A myth perpetuated by those outside of Denver is that it snows here constantly and we ski to work and school daily. In reality we see far less snow than the mid-west and the sun shines on us year round. Occasionally, we do get a snowstorm and some of us head to the slopes while the rest of us (myself included) bundle up and refuse to leave our warm beds. Even when we get a heavy snow we have snow plows, snow blowers, and twitter to keep us up to date on the conditions. Imagine living during the largest snowstorm in Denver history in 1913 when 40 inches blanketed the streets. In the clippings file for the snowstorm of 1913 I found articles about tragedy and worry, but I also found many articles about the citizens of Denver helping each other and I even found an article about a snowstorm romance. I also found a short report of how great the parties were for those stuck overnight in the downtown area. From an article printed later in Empire: "But the parties!" he exclaimed with enthusiasm. "The girls!"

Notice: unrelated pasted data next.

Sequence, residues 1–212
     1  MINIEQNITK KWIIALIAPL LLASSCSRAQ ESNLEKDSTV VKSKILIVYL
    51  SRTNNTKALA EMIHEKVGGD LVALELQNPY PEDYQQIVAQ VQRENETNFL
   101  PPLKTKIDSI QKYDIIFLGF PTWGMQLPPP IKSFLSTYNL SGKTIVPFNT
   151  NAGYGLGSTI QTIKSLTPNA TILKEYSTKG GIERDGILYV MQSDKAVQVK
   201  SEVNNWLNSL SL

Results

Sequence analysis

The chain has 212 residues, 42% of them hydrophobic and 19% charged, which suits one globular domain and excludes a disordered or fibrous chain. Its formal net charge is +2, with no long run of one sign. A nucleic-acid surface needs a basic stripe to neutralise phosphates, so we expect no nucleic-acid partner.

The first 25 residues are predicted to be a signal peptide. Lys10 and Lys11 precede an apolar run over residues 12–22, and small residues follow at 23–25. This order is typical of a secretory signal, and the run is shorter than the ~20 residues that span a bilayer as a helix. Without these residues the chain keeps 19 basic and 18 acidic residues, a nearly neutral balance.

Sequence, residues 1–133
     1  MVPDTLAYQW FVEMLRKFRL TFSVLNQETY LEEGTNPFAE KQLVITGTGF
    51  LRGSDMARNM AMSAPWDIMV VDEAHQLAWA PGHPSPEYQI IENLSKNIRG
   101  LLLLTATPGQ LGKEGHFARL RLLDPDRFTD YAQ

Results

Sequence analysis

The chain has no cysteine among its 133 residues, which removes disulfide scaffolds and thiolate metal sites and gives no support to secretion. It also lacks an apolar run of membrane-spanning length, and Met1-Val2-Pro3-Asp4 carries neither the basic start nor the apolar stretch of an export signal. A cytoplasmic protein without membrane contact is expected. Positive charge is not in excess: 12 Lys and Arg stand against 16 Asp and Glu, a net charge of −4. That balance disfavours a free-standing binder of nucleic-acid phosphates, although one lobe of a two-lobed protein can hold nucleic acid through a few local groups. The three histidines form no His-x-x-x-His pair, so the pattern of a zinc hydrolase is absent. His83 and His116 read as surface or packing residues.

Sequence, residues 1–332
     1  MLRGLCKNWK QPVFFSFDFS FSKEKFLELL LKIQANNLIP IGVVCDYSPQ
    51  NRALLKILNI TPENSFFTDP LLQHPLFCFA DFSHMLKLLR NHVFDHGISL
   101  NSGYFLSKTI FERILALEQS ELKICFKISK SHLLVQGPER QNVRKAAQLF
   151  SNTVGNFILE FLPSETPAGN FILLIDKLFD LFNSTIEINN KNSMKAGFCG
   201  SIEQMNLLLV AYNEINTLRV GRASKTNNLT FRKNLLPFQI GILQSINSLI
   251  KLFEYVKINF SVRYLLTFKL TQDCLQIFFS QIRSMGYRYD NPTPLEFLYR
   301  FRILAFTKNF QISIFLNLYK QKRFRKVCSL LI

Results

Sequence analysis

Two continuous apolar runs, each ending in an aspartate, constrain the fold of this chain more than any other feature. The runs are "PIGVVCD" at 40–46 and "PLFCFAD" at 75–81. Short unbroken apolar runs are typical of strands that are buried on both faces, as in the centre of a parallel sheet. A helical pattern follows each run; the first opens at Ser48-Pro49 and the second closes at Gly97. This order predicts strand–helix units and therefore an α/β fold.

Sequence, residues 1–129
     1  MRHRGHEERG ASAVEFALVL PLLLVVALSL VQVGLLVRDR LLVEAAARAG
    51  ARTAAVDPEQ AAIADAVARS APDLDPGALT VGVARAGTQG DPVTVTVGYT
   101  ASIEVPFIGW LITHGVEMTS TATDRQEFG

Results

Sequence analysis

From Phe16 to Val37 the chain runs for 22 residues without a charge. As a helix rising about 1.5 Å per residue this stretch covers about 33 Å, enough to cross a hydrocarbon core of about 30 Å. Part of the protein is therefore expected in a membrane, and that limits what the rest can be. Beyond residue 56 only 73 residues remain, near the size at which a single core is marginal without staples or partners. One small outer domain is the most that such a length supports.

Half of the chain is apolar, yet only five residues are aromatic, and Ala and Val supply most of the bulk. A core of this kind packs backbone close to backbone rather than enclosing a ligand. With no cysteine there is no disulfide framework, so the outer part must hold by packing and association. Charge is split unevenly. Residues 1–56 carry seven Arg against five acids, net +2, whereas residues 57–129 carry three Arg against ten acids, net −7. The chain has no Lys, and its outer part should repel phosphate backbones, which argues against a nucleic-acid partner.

While digging though the clippings file for the storm of 1913 I found article after article detailing how Denverites were helping each other through the storm. Staffs of the Rocky Mountain News and The Denver Times organized relief effort after many people called the newsrooms reporting need. The Rocky Mountain news reported volunteers shoveling the train tracks across Denver so people could get back home to their families. Gloves were donated by the Rocky Mountain Glove Co. The elite in Denver quickly organized a party in the lounge of the Hesse Hotel to raise money to help those hurt by the storm. The President of the Colorado Women's College trudged through the snow to the Montclair Institution to deliver food, as did "twelve men on snowshoes dragging a rough sled" to bring food to the Agnes Memorial sanitarium. I hope if we have a storm like this again, modern Coloradans would lend as much help.